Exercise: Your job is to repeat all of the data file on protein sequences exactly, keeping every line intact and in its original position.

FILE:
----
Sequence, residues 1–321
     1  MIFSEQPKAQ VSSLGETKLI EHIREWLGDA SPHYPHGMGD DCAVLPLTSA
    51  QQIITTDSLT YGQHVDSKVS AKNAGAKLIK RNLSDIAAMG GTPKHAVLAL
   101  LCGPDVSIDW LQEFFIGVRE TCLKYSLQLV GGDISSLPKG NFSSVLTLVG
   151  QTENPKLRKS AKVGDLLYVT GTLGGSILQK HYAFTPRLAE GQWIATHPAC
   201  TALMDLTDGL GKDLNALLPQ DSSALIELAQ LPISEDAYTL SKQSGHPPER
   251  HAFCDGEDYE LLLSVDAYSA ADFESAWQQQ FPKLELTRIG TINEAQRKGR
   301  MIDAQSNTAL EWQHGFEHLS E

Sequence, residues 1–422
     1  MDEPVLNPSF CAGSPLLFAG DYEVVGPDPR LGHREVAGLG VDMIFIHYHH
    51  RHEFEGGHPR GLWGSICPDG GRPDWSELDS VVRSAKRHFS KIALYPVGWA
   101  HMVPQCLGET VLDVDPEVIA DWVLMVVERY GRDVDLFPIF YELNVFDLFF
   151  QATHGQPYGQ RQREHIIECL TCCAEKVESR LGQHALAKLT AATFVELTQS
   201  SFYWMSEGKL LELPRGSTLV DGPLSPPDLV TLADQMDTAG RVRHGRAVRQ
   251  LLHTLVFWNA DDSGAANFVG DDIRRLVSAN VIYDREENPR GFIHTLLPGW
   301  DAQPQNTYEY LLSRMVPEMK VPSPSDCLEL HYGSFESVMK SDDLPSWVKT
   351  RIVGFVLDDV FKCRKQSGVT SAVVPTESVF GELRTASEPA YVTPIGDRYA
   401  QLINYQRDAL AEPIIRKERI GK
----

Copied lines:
Sequence, residues 1–321
     1  MIFSEQPKAQ VSSLGETKLI EHIREWLGDA SPHYPHGMGD DCAVLPLTSA
    51  QQIITTDSLT YGQHVDSKVS AKNAGAKLIK RNLSDIAAMG GTPKHAVLAL
   101  LCGPDVSIDW LQEFFIGVRE TCLKYSLQLV GGDISSLPKG NFSSVLTLVG
   151  QTENPKLRKS AKVGDLLYVT GTLGGSILQK HYAFTPRLAE GQWIATHPAC
   201  TALMDLTDGL GKDLNALLPQ DSSALIELAQ LPISEDAYTL SKQSGHPPER
   251  HAFCDGEDYE LLLSVDAYSA ADFESAWQQQ FPKLELTRIG TINEAQRKGR
   301  MIDAQSNTAL EWQHGFEHLS E

Sequence, residues 1–422
     1  MDEPVLNPSF CAGSPLLFAG DYEVVGPDPR LGHREVAGLG VDMIFIHYHH
    51  RHEFEGGHPR GLWGSICPDG GRPDWSELDS VVRSAKRHFS KIALYPVGWA
   101  HMVPQCLGET VLDVDPEVIA DWVLMVVERY GRDVDLFPIF YELNVFDLFF
   151  QATHGQPYGQ RQREHIIECL TCCAEKVESR LGQHALAKLT AATFVELTQS
   201  SFYWMSEGKL LELPRGSTLV DGPLSPPDLV TLADQMDTAG RVRHGRAVRQ
   251  LLHTLVFWNA DDSGAANFVG DDIRRLVSAN VIYDREENPR GFIHTLLPGW
   301  DAQPQNTYEY LLSRMVPEMK VPSPSDCLEL HYGSFESVMK SDDLPSWVKT
   351  RIVGFVLDDV FKCRKQSGVT SAVVPTESVF GELRTASEPA YVTPIGDRYA
   401  QLINYQRDAL AEPIIRKERI GK